Luther Register. (Luther, Okla.), Vol. 15, No. 10, Ed. 1 Tuesday, October 7, 1913 Page: 4 of 8
The following text was automatically extracted from the image on this page using optical character recognition software:
The LUTHER REGISTER From Around
Pledged to Nothing But The Truth.
Published Every Tuesday.
M. B. KEYES,
CHESTER A. KEYES,
J.O. JACKSON. .
MRS. J. A. ASHTON.
Editor and Manager
. Local Editor
Also Publisher of The Canadian Valley News, at Jones City, Okla.
Distanoe between the two towns, ten miles.
Entered as sebond-olas* matter at the Postoffice at Luther, Okla.,
under the Aet of Congress of March 3, 1879.
SUBSCRIPTION, $1.50 PER YEAR. IF PAID IN ADVANCE, $1.00
Chas. Hennessey is quite sick
Rookwood Blevins was over
from Aroadia Monday.
O. M. Cole made a business
trip to Aroadia, Monday.
John Rinehart was in Oklaho-
ma City Sunday morning.
D. C. Wilkinson and family of
Aroadia will probably locate in
Luther in the near future.
Mies Belle Lay will stay with
Mr. and Mrs. A. C. Couch this
winter and attend sohool.
Hugh Craun has returned to
Luther again, and he and Mike
Engel have opened a meat mar-
ket in the room south of Cross-
ley’s pool hall.
Wellston News; "Rev and Mrs
Marvin Bell went to Guthrie,
Thursday, to assist in the organ-
ization of the Logan County Hol-
iness Association. A very inter-
esting and enjoyable series of
meetings were held. They re-
turned home Friday.”
Notice, by 6. U. of O. F.
The oolored Odd Fellows Lodge
No. 8702 and Household of Ruth
will have a supper and entertain-
ment Saturday night. Fruits and
oream will be served during the
day. Everybody invited to at-
J. L. Logan, Chairman.
J. S. Andrews, 8eoy.
IF HER PARTNER ia CLUMSY.
“He w1k> dauces must pay the
fiddler, you know.” ►
“Yes, and site who dances must
with the chiropodist.”
Choily—Is this horse intelligent,
me good fellah ?
Groom—Very I Look out he don’t
kick you, sir I—Puck.
FIR8T 8HALL BE LA8T.
She—Marry you? Why, you’d be
the last man on earth I’d marry!
He—1 hope so, if I’m to be the
first.- Stanford Chapparral.
They Make You Feel Good.
The pleasant purgative effect
produced by Chamberlain’s Tab-
lets aud the healthy condition of
body and mind whioh they create
makes one feel joyful. For sale
by all dealers.—adv.
We ll Soon Be
Ready to Drill
The contracts being offered for
sale by the Luther Gas & Oil Compa-
ny are being rapidly sold, and at the
rate they are now going it will not be
long until the whole 495 contracts
will be disposed of.
A certain per cent of the money
realized from each contract is credit-
ed to the drilling fund, which now is
reaching such an amount that the
company will soon be able to make a
drilling contract. We are now figur-
ing with several contractors and the
one that has the best proposition will
be accepted, and drilling commenced
as soon as possible. Members of the
company of the company believe that
I We are in the Oil Belt
Government geologists, as well
as the state geologist, reports that
Luther is probably in the oii belt.
We have 6,000 acres of the best lease,
around Luther, and confidentally ex-
pect to make a strike. Think what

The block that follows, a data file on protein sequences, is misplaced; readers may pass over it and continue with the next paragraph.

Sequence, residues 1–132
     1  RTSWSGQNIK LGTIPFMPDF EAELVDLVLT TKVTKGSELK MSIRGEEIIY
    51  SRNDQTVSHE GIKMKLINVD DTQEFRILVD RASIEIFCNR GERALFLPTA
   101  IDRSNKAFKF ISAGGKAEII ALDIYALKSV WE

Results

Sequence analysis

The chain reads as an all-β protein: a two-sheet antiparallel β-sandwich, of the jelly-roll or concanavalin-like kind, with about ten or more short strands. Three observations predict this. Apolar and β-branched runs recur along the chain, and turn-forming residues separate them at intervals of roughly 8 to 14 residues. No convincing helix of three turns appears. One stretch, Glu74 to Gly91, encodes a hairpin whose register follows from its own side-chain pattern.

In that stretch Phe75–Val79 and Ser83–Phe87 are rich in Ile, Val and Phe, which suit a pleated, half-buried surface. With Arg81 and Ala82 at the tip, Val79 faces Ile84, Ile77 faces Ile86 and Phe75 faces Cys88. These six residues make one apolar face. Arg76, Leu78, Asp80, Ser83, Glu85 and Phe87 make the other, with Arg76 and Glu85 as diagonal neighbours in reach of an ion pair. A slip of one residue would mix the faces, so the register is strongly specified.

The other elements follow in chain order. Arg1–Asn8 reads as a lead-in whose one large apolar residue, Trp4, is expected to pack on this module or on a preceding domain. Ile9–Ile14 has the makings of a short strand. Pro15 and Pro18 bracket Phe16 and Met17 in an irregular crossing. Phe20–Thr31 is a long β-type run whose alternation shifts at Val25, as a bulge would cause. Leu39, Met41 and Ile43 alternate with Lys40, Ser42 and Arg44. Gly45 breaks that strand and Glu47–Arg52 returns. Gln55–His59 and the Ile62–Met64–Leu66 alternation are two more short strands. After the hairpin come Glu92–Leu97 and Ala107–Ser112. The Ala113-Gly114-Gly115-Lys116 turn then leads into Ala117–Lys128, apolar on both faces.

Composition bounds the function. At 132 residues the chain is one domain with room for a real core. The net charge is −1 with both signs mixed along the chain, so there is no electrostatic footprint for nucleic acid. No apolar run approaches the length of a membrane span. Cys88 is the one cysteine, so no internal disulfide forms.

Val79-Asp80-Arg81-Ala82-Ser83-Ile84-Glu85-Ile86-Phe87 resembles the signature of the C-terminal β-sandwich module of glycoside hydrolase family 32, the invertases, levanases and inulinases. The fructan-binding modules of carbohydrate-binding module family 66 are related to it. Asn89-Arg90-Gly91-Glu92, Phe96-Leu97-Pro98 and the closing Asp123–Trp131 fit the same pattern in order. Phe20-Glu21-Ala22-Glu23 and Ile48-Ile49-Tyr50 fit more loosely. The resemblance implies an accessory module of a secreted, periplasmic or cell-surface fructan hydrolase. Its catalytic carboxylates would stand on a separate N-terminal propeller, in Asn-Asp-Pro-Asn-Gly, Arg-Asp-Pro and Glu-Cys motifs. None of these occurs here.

this will mean with a capitalization of
This company is on the square.
We have a proposition that is fair.
If we strike oil we will all make big
money on the envestment. Do you
want a chance with us before the
shares are all sold. If you do, com-
municate with us, and full informa-
tion will be mailed. But don’t waif.
If you do wait, and we make a strike,
you will repret it all the days of your
life. Get busy. Write or call today.
Luther Gas b Oil Co.
Luther, . Okla.
GIRL HERO JUMPED
Plain View °N runaway’s back
Roy Young went to Texas last
week to look for a location.
Simon Wagoner and family
spent Sunday with Lee Crossley
and family in Luther.
Plain View sohool opened Mon-
day with twenty-three pupils en-
rolled. Miss Muriel Smith is the
Mrs. Alvin Davis visited last
week with her sister Mrs. Chas.
Ralph Allen returned Tuesday!
from a visit with his unole, Sam 1
Allen, at Sweeney, Tex.
Mrs. J. P. Phillips visited last
Thursday with Mrs John Phillips.
Mr- and Mrs. A. B. Combs of
Edmond were here last week vis- 1
J. C. Karr and children were}
Sunday visitors of T. J. Keating i
Remarkable Feat Saved the Life
of Young Man Driver of
Sharon. Pa.—France* Heaney, a
little country girl of Arthurholt'*
mills, near this city, at the risk of
her own life, saved that of little
Frank Hanna by Jumping on a run
away horse's back while it was going
at full speed.
Being agile and a trained horse-
woman. she was able to bring the
frantic animal to a stop
Here Is her modeat description of
her heroic and difficult feat:
*‘l was driving along the Yankee
Run road near the Perkins farm
There was a young man In the rig
Just ahead of me. Hla horse took
fright at some metal pipes aud wheel-
ed arouud. upsetting the rig and
throwring him directly under It. The
horse started In iny direction at
breakneck speed 1 pulled my rig to
h ID Or. R>. IN" ORMAN 6
X PH YsTcT HH : r AND : SURGEON 8
V Chronic Diseases and Obsteries V
15 Cffice over First National Bank
X Cffice Phone - - - 23 Residence Phone - - • 24 ^
- 24 A
Mrs. Ben Huntington was
guest of her mother, Mr9 Phill- }